The Epilogue elaborates on Atkinson’s disciplinary critique of architectural photography, which has traditionally relied on depopulated silent images, themselves highly staged performative gestures. This critique has the unintended effect of highlighting the disciplinary limitations of the book itself as sensory history. Chapters are richly illustrated with contemporary photographs, but do not refer the reader to contemporary recordings of Florentine bells. The text generally treats sound as a fait accompli, detached from the sonorous object; of 154 figures, there are only two photographs of bells, and the mechanism of bell-ringing (presumably swinging) is never named or clarified. Yet sound does not supersede materiality. How did the differing sonic affects created by physical variations between bells (such as pitch, amplitude, timbre, duration) influence the interpretation, dialogues, and hierarchies studied? Moreover, the people who rang bells are erased by passive voice constructions or by descriptions of bells as having social agency and factional sympathies. In turn, towers are often used as a stand-in for bells, subsuming their differences.
The Noisy Renaissance presents a refreshing architectural response to musicological and sound studies approaches to the city that can often treat space and place as indistinct aesthetic entities, rather than as specific material configurations, conduits, and barriers that shape sound and social circulation. However, an inverse shortcoming is sometimes apparent: sound is assumed to have “wantonly annihilated” architecture and boundaries, as if sound were not a physical phenomenon whose propagation is subject to the built environment (p. 197). Rooftop photographs illustrate sequences of ringing without qualifying that most people did not listen from an all-hearing bird’s-ear perspective. Sound interacts with material reality in highly localized ways, and insights from acoustics could help bridge that gap. Atkinson’s separate project to digitally map the early modern Florentine soundscape may later address these questions, pointing towards the “fuller urban sensorium” (p. 207) for which he advocates.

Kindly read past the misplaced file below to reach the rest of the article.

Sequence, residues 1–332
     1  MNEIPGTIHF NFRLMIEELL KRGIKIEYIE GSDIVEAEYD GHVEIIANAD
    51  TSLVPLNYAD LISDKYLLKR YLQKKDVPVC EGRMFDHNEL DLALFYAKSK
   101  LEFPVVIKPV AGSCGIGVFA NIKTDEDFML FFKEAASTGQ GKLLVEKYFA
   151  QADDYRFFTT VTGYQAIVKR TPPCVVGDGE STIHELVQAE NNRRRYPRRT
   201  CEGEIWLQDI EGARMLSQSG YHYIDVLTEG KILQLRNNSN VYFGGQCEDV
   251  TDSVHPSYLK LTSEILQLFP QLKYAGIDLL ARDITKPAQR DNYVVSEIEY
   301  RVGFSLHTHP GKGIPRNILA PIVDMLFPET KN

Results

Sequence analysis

Atkinson’s book is a rich contribution to art and architectural history, campanology, sound studies, and the growing literature on the urban sensorium, offering a methodology for studying how exchanges between bells, voices, and other city sounds worked to construct meaning. It builds a fascinating foundation for the writing of future histories of listening, bells, and bell ringers in early modern Florence.